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Circle: the locus of all points on a Plane that are the same distance from a given point.

Centre: that given point.

Radius: any line (strictly, line segment) between the Centre and the Circle (also, the length of that line).

Chord: any line segment between two points on the Circle.

Diameter: any Chord though the Centre (also, the length of that Chord, which is twice the Radius).

Focus and Eccentricity: a Circle is an Ellipse whose two Foci are both at the Centre, and whose Eccentricity is 0.

Disc: a Circle together with its interior.

Radian: the unit of angle, defined so that the angle round a whole Circle (360 degrees) is [itex]2\pi[/itex].

Diameter: [itex]2 r[/itex]

Circumference: [itex]2 \pi r[/itex]

Radian (a measure of angle): [itex]\frac{360\deg}{2 \pi}[/itex]

Arc-length: [itex]r \theta[/itex]

Chord-length: [itex]2 r \sin\frac{\theta}{2}[/itex]

Curvature: [itex]\frac{1}{r}[/itex]

Area: [itex]\pi r^2[/itex]


Recent forum threads on circle
Curvature of a circle approaches zero as radius goes to infinity
Point of tangency to a circle from a point not on the circle
Complex Circle Equation with random variable attached to Z.
Relating tensions in a vertical circle help
New way to derive sectors of a circle (easy)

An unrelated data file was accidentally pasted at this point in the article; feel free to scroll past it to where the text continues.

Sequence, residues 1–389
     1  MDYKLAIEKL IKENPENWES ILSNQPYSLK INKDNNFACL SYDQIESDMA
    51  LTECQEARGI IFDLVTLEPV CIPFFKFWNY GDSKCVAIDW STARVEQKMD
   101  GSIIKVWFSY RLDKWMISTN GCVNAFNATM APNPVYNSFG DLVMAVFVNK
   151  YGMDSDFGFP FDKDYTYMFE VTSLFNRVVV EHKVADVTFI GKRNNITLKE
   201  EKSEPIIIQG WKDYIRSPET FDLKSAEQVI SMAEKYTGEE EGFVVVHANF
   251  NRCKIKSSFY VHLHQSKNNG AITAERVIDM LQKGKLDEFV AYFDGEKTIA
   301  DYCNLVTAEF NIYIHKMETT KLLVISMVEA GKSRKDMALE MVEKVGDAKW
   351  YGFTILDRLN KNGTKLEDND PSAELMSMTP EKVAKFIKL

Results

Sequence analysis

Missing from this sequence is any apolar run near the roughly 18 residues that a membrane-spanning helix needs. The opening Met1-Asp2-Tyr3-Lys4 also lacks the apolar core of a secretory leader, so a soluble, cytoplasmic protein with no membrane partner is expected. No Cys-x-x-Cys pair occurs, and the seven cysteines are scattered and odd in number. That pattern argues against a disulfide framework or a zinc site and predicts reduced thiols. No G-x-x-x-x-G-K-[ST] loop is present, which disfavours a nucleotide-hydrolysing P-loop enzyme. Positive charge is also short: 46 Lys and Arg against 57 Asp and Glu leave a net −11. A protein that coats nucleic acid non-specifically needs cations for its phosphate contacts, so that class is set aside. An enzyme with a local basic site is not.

> Geometry
>> Plane Geometry

See Also
equation of a circle


Extended explanation
The Circle and the Line were the two basic elements of ancient Greek geometry. The Line was drawn using a straight-edge, and the Circle was drawn using a compass (a hinged instrument with a needle at one end and a marker at the other).

Would someone like to create a separate Library entry entitled "Circles and Triangles", dealing with inscribed circles etc?


@ 03:44 PM Apr15-10
No 'perfect circles, spheres no right triangles' exist anywhere. Fomulae with pi, sin prove this to be like 'there is no last prime number', like 'there is no smallest fraction'. Call me an idiot if you wish. Such formulae are useful in 'applications' and like teaching a child 'shapes' it makes our world 'orderly enough to function in it'.

Can you imagine if I saw the pool ball with tiny lumps ie not perfect sphere, or a 3d square as 'topology'? The brain creates order from chaos-for if it did not, can you imagine trying to drive?

abhishek2208 @ 06:48 AM Mar22-10
i think its possible.

MoonlitFractl @ 03:10 PM Mar8-10
Is it possible to have a negitive [ctex]r \theta[/ctex] ?